The ‘Eight Limbs of Yoga’


Asana (Sanskrit for ‘to sit’ or ‘seat’) refers to both the place in which the practitioner sits, and the posture which is employed. Asanas are also typically used as physical exercises that are regularly referred to as ‘postures’ in modern terminology. As such, Asanas are the best-known aspect of yoga today.

Patanjali’s Yoga Sutras originally reference the utilisation of asanas to help master the body in preparation for long periods of meditation. Combined with the breathing practices of pranayama, this constitutes the most common variety of yoga practised today, Hatha yoga.

The use of these postures has obvious benefits which include improved health, fitness, balance and flexibility. However, the deeper meaning of these postures, as Patanjali set forth, are to be used as a tool to calm both the body and mind before meditation. The practise of the various poses also offers a challenge both physically and mentally. Therefore, the physicality of the postures is designed to open and free the mind.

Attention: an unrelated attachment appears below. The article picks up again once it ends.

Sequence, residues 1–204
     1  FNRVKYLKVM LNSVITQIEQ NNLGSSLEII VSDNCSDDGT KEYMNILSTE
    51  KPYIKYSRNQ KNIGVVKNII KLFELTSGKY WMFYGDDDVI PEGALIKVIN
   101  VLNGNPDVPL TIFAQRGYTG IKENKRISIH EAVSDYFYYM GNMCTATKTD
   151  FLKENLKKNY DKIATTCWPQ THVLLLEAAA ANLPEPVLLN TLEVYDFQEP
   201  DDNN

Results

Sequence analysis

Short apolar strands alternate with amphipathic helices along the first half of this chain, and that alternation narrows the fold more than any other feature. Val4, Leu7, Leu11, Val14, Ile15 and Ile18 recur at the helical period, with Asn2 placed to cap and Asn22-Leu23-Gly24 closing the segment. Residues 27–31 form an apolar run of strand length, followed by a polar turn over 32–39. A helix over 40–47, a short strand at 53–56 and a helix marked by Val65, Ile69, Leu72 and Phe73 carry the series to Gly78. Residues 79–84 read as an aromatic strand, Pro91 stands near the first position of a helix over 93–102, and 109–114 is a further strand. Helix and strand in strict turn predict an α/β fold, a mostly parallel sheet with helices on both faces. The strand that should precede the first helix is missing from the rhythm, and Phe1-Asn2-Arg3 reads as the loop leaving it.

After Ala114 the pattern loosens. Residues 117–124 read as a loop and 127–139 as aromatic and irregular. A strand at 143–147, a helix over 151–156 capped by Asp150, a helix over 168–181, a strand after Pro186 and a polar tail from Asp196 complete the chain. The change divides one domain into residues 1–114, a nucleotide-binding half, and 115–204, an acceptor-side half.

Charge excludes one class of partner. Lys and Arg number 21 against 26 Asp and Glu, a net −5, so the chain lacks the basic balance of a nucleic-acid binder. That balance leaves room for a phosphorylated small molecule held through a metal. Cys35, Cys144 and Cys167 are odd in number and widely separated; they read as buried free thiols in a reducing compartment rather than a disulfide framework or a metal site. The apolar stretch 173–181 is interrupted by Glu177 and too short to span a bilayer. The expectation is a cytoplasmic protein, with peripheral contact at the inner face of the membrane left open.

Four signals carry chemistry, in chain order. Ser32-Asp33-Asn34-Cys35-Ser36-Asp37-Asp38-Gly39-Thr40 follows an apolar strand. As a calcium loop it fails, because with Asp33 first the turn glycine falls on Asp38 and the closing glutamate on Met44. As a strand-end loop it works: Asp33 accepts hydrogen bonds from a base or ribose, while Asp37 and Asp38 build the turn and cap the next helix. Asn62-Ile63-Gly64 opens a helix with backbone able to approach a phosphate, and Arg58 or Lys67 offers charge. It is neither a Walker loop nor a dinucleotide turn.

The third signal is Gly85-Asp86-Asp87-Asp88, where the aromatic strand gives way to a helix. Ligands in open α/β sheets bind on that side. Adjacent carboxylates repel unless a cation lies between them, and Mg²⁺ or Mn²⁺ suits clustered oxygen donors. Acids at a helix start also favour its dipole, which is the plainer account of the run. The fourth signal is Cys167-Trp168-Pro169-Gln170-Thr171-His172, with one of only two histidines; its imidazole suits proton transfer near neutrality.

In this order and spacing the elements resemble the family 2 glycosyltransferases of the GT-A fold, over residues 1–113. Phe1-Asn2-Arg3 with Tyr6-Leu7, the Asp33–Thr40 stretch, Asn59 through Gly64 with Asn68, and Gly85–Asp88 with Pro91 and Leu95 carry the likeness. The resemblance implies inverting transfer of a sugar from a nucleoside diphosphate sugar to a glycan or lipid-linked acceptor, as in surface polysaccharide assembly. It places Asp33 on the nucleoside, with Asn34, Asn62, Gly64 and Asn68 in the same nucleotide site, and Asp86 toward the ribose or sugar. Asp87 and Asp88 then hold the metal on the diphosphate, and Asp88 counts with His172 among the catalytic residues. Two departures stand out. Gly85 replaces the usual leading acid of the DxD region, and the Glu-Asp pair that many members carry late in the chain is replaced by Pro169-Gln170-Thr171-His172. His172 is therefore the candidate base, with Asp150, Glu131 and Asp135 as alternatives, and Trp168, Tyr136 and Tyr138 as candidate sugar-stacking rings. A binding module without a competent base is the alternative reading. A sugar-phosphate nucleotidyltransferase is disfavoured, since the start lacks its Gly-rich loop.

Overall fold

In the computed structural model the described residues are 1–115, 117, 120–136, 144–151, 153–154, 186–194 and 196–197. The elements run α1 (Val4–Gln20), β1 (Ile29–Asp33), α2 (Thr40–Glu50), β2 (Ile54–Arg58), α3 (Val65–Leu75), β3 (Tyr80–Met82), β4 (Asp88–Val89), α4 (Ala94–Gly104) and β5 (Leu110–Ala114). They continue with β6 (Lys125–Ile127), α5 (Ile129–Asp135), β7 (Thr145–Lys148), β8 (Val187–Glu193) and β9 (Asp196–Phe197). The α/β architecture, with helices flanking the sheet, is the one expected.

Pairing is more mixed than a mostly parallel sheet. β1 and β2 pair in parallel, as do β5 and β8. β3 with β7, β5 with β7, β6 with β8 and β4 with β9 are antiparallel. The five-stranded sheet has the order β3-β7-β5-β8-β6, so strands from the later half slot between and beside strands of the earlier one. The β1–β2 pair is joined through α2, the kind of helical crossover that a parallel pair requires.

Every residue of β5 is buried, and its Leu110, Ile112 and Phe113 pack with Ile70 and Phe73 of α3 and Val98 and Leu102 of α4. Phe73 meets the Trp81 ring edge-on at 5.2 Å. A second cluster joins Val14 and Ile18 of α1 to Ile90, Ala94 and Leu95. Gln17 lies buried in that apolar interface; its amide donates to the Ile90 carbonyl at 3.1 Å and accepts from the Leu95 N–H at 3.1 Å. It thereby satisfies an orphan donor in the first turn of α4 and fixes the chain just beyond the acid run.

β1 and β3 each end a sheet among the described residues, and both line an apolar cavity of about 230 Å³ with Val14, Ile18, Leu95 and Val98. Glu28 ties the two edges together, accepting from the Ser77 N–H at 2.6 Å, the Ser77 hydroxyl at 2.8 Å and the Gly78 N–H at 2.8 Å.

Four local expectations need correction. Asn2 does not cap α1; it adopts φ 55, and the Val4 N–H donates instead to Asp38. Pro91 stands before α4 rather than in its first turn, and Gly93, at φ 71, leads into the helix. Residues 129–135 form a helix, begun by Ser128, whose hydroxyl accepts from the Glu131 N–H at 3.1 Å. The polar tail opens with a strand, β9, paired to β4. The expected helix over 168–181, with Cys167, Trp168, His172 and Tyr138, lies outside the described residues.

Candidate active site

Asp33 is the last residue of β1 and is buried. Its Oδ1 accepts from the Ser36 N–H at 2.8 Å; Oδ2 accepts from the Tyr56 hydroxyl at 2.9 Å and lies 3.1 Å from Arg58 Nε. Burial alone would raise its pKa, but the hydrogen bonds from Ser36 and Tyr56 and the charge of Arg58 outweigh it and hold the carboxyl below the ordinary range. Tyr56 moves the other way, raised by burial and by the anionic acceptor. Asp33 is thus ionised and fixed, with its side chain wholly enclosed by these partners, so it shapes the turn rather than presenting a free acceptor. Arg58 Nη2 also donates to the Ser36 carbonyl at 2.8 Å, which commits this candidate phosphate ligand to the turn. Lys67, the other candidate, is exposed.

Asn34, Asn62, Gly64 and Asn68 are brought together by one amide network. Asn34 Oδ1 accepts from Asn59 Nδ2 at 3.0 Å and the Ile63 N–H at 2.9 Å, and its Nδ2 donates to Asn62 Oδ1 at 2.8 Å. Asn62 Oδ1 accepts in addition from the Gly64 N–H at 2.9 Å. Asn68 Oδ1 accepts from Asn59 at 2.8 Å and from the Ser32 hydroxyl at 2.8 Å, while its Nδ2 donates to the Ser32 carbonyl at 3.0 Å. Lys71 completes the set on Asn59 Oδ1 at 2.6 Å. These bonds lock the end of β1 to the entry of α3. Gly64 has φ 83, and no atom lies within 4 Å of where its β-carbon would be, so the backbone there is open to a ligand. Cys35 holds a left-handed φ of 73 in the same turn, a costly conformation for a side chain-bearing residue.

Sri Dharma Mittra, a well-known yoga teacher, photographed himself in 1975 performing 1350 asana yoga postures. He is also known to have stated “there are an infinite number of asanas”. This catalogue of postures is now considered a primary reference point for postures in modern yoga. It is also testament to the commitment and variety that yoga can ask for, as well as the challenge and rewards it can offer.


  • Patanjali Yoga sutras by Swami Prabhavananda, published Sri Ramakrishna Math 1953
  • Arya, Pandit Usharbudh, Philosophy of Hatha Yoga. Himalayan Institute Press, Pennsylvania 1977
  • Mittra, Dharma, (2003) Asanas: 608 Yoga Poses

< The 8 Limbed Path